Raytheon to FAA: Not So Fast
Company Protests Planned Air Traffic Control Redesign Award to Lockheed Martin
- By Patience Wait
- Mar 16, 2001
Raytheon Co. is crying foul over the Federal Aviation Administration's stated intent to award a sole-source contract to Lockheed Martin Corp. without first conducting an open competition.
The Lexington, Mass., company filed a protest Feb. 28 with FAA after the agency said it plans to award the En Route Automation Modernization contract to Lockheed Martin of Bethesda, Md. The 10-year contract is worth several hundred million dollars.
"The fact that Raytheon has extensive experience that includes designing national systems for Canada, Germany and Norway is an example of what would make us competitive. These are probably the three most modern en route systems in the world," said Raytheon spokeswoman Blanche Necessary. Raytheon also maintains the current en route backup system for the United States, she said.
The FAA's plan also has raised eyebrows on Capitol Hill, where Sen. John McCain, R-Ariz., has requested that Administrator Jane Garvey justify the agency's decision.
The FAA announced Feb. 6 it intends to award the en route modernization contract to Lockheed Martin some time in fiscal 2002, but it left a small window open for competitors by allowing them to file a capabilities statement by March 21.
Only if the competitors could meet the FAA's qualifications requirements would the agency consider putting the contract out for competitive bid, said Steven Zaidman, the FAA's associate administrator for research and acquisitions.
The FAA project is to upgrade the software and hardware used to control high-altitude airline traffic at the agency's 20 en route air traffic control centers, Zaidman said.
Giving the contract to Lockheed Martin was justified, Zaidman said, because of the company's status as incumbent contractor on major elements of the en route system. A Lockheed spokeswoman said the company has completed several projects for the FAA that came in on or ahead of schedule and within or under budget.
Raytheon notified the FAA of its intent to submit its capabilities statement Feb. 22. The protest was lodged six days later.
"Raytheon is confident that the FAA, before committing to a single, sole-source contract, will examine all available solutions for the U.S. en route modernization, take into account prior investments and determine a final approach that ensures best value to the U.S. taxpayers and flying public," Frank Marchilena, Raytheon executive vice president, said in a statement. Marchilena also is president of the company's command, control, communication and information systems division.
McCain, the chairman of the Senate Commerce, Science and Transportation Committee, sent a letter March 7 to Garvey asking for "a clear and thorough explanation of the agency's rationale for not bidding out" the contract. He also questioned whether the agency followed its own acquisition management system, and whether it might face legal or administrative challenges over the decision that could delay completion of the project.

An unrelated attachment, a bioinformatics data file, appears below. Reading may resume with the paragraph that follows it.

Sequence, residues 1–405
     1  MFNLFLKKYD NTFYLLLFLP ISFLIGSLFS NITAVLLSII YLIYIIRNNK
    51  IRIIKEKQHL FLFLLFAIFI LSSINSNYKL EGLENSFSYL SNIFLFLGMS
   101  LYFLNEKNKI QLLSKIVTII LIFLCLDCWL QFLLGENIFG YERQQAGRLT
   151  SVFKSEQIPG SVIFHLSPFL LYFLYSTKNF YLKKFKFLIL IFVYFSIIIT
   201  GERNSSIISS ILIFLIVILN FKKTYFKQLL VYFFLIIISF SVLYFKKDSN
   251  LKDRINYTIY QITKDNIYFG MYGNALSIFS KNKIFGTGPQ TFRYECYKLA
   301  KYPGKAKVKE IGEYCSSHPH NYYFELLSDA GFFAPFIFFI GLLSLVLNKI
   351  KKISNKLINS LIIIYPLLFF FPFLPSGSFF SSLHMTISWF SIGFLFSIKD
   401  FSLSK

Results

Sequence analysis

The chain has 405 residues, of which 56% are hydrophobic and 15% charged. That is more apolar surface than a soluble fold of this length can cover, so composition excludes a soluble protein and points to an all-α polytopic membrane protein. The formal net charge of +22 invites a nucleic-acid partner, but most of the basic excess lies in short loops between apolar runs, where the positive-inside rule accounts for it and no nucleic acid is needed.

The FAA's decision raises the same kinds of questions regarding competition often directed at the Defense Department: Does the agency intend to hold open competitions in order to encourage diversity of sources or will it favor incumbents with proven track records and day-to-day familiarity with the issues?
This also has important ramifications in the international market, said Richard Aboulafia, director of aviation studies for the Teal Group Corp., a consulting and analysis firm in Fairfax, Va.
"It raises a bunch of questions about export issues," Aboulafia said. "No doubt, these players will be competing for similar systems abroad. To what extent will the FAA promote [its choice] in order to achieve lower costs and system commonality? Is this a winner-take-all process? I'm afraid it's still possible."
The Boeing Co. of Seattle, which established an air traffic control division in November 2000 and plans to propose a wholesale restructuring of the national air traffic control system in May, was supportive of the FAA's plans, provided it was only for ongoing maintenance of the existing system, said Boeing spokesman Tim Neale.
Boeing would have a problem if a noncompetitive award is being made for a "contract to fundamentally change the architecture," Neale said. Boeing is not filing for consideration on the en route air traffic control contract.
The proposed contract "does not necessarily" pre-empt Boeing's planned proposal, Zaidman said.
"If we go with a single source, then it will be up to Lockheed Martin and us to put together a team," he said, "whether it includes Boeing or anybody else."
For the proposed contract, Lockheed Martin has so far named only one partner, Computer Sciences Corp. of El Segundo, Calif.
Zaidman said he would make a recommendation about whether the contract would go to Lockheed Martin or be put out for competitive bid after he reviews the Raytheon statement of capabilities.
Garvey will review the recommendation and weigh in with her decision, which will then be reviewed and approved by the Air Traffic Control Subcommittee of the Aviation Management Advisory Committee, the Senate-appointed "board of directors" for the agency.
Zaidman said he did not know when the decision whether to remain with Lockheed Martin or to move to a competitive bidding process would be made.